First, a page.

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Will Florida Courts Grant a Divorce to an Individual With Dementia?

 

87-year-old Martin Zelman of Palm Beach has filed for divorce from his wife of 15 years, though now Florida family courts will have to decide whether or not he truly wants one. Last year, another Florida judge declared Zelman mentally incompetent and appointed his son and daughter as his guardians. With this declaration, Zelman lost the right to make most decisions for himself, however, he retained the right to file legal claims, which allowed him to file a divorce petition. His wife, 80-year-old Lois Zelman, is challenging the validity of the divorce filing as she claims Martin does not, in fact, want to get divorced. She asserts that his three children are behind the divorce and that they have purposefully isolated Martin and fabricated stories that she abused him.

If Lois remains married to Martin until his death, she would retain access to their homes in Palm Beach and New York City, their cars, their club memberships and art, and will receive an estimated $10 million. If the judge grants the divorce, Lois will receive none of Martin’s $50 million dollar estate based on a prenuptial agreement they signed prior to marriage and his children will instead inherit all of his wealth. The judge stated that he will have to determine whether or not each side is simply fighting over money or whether they truly have Martin’s best interests in mind. Each side, of course, claims the case is not about the money.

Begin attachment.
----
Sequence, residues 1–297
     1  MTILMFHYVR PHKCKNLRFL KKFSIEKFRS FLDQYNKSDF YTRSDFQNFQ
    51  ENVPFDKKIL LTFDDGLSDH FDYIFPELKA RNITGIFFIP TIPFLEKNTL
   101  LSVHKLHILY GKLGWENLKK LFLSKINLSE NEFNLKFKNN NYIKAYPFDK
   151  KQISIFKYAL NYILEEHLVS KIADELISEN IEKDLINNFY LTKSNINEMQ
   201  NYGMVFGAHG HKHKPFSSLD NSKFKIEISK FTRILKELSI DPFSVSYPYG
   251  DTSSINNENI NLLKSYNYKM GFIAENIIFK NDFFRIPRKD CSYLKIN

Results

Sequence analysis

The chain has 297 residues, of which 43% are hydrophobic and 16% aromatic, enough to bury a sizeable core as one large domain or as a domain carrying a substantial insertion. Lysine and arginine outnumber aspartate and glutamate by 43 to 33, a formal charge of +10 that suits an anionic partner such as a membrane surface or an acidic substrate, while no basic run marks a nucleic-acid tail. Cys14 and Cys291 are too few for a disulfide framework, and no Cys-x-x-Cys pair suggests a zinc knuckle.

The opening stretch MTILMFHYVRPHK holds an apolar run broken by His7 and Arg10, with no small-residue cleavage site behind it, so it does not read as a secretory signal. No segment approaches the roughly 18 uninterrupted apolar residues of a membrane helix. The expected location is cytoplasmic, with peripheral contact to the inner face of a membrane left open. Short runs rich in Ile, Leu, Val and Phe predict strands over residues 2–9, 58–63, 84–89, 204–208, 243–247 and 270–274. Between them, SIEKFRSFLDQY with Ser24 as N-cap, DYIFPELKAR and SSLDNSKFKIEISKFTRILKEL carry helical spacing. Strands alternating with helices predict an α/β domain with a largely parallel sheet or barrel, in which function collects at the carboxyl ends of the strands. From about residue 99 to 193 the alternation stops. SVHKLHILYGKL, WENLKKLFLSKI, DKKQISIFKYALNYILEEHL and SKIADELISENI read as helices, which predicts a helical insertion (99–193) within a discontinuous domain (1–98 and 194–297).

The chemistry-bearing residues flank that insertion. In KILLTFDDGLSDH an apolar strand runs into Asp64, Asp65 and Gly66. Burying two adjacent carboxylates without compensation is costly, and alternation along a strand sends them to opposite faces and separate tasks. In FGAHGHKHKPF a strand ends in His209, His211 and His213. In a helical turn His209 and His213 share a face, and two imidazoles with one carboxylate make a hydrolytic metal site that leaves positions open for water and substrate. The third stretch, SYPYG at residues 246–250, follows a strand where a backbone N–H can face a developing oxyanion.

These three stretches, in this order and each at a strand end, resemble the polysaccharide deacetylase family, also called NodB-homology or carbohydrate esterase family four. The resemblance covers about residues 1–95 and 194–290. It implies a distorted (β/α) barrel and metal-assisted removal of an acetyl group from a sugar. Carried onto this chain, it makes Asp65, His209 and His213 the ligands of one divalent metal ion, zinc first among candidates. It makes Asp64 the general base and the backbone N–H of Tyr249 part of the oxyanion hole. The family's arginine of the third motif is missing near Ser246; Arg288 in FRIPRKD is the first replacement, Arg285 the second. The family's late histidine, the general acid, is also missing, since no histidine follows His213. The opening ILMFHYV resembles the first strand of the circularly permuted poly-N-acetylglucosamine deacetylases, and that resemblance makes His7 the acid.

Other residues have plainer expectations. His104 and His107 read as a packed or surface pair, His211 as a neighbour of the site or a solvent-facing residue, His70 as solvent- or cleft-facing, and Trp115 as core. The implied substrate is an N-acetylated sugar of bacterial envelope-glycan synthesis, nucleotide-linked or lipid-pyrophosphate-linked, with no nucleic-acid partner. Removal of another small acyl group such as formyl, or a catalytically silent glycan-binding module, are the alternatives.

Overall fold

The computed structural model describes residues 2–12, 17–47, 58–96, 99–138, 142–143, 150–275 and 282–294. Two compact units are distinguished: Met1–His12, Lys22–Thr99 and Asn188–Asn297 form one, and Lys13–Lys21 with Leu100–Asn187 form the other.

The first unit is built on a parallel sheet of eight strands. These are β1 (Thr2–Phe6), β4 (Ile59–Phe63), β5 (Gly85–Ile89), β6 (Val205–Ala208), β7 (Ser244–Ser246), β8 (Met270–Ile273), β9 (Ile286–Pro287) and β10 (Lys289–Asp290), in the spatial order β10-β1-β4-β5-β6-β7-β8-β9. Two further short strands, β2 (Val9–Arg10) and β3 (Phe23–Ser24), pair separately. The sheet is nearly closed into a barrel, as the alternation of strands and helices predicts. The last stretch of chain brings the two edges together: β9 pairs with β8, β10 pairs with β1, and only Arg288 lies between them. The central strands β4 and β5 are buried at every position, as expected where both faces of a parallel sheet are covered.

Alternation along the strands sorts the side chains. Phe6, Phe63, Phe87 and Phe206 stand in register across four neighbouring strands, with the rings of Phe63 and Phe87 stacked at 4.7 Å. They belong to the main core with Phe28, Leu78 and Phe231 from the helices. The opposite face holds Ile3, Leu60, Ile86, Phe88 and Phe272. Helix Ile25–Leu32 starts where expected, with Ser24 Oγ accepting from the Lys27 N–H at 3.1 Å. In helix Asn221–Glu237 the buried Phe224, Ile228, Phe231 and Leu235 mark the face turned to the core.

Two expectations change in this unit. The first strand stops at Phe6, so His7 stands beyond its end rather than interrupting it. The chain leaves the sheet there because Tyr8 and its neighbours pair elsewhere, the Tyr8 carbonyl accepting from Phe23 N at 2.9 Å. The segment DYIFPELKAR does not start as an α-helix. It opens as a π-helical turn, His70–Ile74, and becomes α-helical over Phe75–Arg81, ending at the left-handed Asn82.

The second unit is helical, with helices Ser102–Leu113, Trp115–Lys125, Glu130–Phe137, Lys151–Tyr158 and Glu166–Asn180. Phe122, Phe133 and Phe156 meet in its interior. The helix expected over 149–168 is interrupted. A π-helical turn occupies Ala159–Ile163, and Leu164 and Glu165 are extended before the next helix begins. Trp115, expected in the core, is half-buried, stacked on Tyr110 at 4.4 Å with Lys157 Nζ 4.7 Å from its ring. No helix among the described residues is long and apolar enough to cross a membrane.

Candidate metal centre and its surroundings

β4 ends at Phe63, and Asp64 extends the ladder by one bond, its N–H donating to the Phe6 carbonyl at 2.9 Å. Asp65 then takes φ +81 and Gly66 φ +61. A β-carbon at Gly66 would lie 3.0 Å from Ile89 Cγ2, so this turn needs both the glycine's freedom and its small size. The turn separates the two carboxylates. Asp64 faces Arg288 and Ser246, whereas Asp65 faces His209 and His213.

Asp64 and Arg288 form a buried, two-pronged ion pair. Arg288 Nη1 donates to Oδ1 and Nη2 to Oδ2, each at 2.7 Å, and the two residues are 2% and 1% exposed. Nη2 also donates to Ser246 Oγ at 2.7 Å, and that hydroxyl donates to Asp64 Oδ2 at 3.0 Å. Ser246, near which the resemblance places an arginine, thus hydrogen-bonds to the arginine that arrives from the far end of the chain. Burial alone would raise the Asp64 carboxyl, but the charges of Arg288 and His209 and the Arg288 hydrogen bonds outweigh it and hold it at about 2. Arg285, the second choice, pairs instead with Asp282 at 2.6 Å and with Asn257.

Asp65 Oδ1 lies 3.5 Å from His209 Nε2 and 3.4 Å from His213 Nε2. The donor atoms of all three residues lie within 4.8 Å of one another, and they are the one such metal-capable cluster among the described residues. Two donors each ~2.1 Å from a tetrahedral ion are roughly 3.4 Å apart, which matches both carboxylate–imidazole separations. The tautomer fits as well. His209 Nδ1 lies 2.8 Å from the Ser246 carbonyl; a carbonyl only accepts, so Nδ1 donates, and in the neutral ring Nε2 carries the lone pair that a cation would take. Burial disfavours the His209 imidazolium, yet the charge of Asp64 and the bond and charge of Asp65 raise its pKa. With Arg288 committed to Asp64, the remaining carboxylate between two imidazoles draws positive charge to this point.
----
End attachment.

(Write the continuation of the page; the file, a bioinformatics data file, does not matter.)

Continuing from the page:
Divorce Involving an Incapacitated Person in Florida

Florida has a law in place intended to protect mentally incapacitated individuals whose spouses try to divorce them while they cannot defend their rights. The statute requires the filing spouse to wait until the incapacitation has lasted for at least three years before a court can grant a divorce. However, the incapacitated person is generally not the one who is seeking the divorce in the first place.

Even though the probate judge last year found that Martin Zelman had the capacity to file legal claims, the family court could decide that Martin is an incompetent witness, which would halt the divorce proceedings. If the court finds that he does not have the adequate capacity to get divorced, the judge could also potentially make them wait at least three years under the law. It is not clear what this waiting period would accomplish in this particular case, however, as Lois does not want to get divorced. We will have to wait and see what the court decides at an upcoming hearing.

An Experienced Boca Raton Divorce Attorney Can Help You With Your Case

Divorce cases can have many unique issues and you always want to have a lawyer handling your case who thoroughly understands Florida divorce laws and how they apply to your unique situation. Family law attorney Alan R. Burton knows how to handle even the most complicated divorce cases and will always zealously defend your rights. If you are facing divorce or any other type of family law matter, please call our Boca Raton office today at 954-229-1660 to discuss how we can assist you.